Karen’s abode is a quaint farmhouse decorated with furniture and appliances from an earlier era, and her beaming disposition manages to convince Sam and Riley that they should heed her advice and, instead of calling AAA, wait for car assistance from Karen’s nearby neighbor. In the meantime, Karen insists that they stay for dinner, which it turns out will also be attended by Gunni (Jamie Bradley), a young portly man with a bandage wrapped around his head (and on his cheek), who sits at Karen’s kitchen table watching old black-and-white Popeye cartoons while sucking on lemon slices dipped in sugar, sipping juice through long straws, and gurgling like someone suffering from severe head trauma. Gunni is an unnerving presence (to say the least), and so too for Riley is the meal served by Karen: big cuts of meat sizzled on the stove, and freshly made cupcakes for dessert.
Unwilling to be rude to their hospitable host, Riley and Sam dig into this food, and then—since auto repairs aren’t quickly forthcoming—are shown a thoroughly eerie basement room (previously inhabited by Gunni) where they can stay the night. Honeydew’s characters would seem more foolish, and its plot more pedestrian, if not for the way in which Milburn constantly jangles the nerves through sudden aesthetic jolts and perspective changes, which become even more persistent once digestion takes place and Riley and Sam start falling into a semi-hallucinatory fugue. Whether it’s the bread baking in the oven (presumably with wheat culled from formerly toxic fields) or something more sinister is almost irrelevant at a certain point, as the two soon find themselves at the mercy of forces with demented ideas about nourishment and holiness—and, also about continuing on their legacy.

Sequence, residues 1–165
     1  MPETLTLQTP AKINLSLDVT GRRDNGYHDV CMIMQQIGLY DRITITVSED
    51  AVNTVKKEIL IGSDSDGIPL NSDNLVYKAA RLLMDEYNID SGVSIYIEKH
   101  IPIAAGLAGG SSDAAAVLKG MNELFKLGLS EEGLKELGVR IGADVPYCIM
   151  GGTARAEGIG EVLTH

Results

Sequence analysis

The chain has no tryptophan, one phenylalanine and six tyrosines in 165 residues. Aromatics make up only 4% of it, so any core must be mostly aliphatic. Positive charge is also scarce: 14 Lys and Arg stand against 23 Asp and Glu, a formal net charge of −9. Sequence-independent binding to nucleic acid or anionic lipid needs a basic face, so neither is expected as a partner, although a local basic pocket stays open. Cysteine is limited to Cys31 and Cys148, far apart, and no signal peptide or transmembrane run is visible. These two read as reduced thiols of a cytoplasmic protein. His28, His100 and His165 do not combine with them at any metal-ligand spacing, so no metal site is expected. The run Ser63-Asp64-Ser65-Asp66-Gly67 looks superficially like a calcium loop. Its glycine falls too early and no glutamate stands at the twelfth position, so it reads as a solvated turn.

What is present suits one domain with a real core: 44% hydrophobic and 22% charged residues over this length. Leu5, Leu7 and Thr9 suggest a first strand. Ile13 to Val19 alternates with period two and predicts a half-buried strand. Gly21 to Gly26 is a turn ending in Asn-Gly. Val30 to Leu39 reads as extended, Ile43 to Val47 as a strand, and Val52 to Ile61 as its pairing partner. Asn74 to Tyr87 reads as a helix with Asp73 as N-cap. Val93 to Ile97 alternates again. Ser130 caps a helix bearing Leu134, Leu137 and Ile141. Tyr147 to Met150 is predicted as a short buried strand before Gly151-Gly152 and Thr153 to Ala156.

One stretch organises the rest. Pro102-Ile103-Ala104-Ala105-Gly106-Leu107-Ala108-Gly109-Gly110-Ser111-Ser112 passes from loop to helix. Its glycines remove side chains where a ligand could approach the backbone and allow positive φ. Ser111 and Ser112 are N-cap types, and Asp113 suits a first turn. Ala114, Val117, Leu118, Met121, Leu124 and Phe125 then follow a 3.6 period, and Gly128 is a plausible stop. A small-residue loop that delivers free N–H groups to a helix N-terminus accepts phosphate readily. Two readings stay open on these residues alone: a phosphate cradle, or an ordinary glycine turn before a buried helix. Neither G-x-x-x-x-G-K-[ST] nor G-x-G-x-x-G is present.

Honeydew may have flesh on its mind, but it’s never overly gory; Milburn keeps his nastiest elements off-screen, the better to disturb through suggestion. Whereas the film’s first half maintains tension through raucous style, its latter passages take a more slow-burn approach, with each new horror allowed to settle in—for maximum icky potency—before a subsequent one is trotted out to further up the ante. That’s most true in the material’s coda, during which the director’s chief bombshells are teased to their breaking point, and then play out with excruciating deliberateness. Even when it’s obvious what’s around the corner, there’s a queasy edginess to the filmmaker’s orchestration of his creeping-death revelations.
When Sam calls 911 and informs the police that he requires help at a house located “between Pleasant Street and Trouble Street,” Honeydew lets slip its playfully deranged sense of humor. For the most part, though, the real sick joke of Milburn’s film boils down to the idea that you are what you eat—or, at least, that what you devour often has the capacity to drive you out of your ever-loving mind.